BRUSSELS (Reuters) - The European Union is seeking tough limits on public subsidies to airlines and the option of revoking their traffic rights as part of new commercial aviation agreements it wants to negotiate with several countries including Turkey and the United Arab Emirates.
A draft “fair competition clause”, seen by Reuters, which the EU executive wants to include in air transport agreements, lists the forms of public support that could be considered unfair, such as protection from bankruptcy, provision of capital, tax relief and cross-subsidisation.
The clause proposes a consultation period of 30 days in cases of disputes over unfair subsidies to an airline. Should talks fail, the complaining country would be able to suspend or revoke the airline’s air traffic rights as well as impose duties.
The European Commission is seeking a mandate from EU governments to begin talks on air transport agreements with a number of countries including China, Turkey, United Arab Emirates, Kuwait and Qatar.
Such agreements, at the moment often done on a bilateral basis between the governments of two countries, would set out where and how often foreign airlines could fly into the EU, and vice versa.
The issue has become politically charged since some European legacy carriers, notably Lufthansa and Air France KLM, as well as major U.S. airlines, have accused Gulf carriers of receiving unfair state subsidies, allegations they have rejected.
Europe’s aviation industry, which contributes 110 billion euros ($124.60 billion) to EU gross domestic product, has been hit by the rapid expansion of Gulf airlines, such as Emirates and Etihad, and shifting traffic flows to Asia.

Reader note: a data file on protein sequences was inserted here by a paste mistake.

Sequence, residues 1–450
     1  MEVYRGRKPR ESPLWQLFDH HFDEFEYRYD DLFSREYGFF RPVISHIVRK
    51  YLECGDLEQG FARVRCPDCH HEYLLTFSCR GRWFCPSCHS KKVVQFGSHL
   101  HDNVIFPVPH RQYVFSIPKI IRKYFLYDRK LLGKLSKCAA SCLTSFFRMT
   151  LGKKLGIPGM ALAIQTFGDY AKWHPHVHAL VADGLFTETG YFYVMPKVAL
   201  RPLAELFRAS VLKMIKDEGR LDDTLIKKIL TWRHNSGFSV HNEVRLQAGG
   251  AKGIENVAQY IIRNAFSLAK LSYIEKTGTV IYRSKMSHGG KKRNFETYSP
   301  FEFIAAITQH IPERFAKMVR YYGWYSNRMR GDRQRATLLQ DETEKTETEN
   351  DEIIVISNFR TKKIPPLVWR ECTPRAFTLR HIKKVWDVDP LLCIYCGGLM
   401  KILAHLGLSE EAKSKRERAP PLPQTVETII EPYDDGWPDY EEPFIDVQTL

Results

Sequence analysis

A spokesman for the Commission said it supported the objective of ensuring fair and open competition in the aviation sector by promoting EU-level air transport agreements and considering new measures to address unfair practices outside the 28-member bloc.
“Each contracting party shall eliminate all forms of discrimination or unfair practices which would adversely affect the fair and equal opportunity of the airlines of the other contracting party to compete in providing air transport services,” the clause says.
Public subsidies or any other form of support should be made transparent by the receiving airline, including by identifying or separating it clearly in its accounts, the clause says.
The setting off of operational losses, foregoing a normal return on public funds invested or discriminatory access to airport services would also count as unfair public subsidies, the document says.
Reporting by Julia Fioretti; editing by Susan Thomas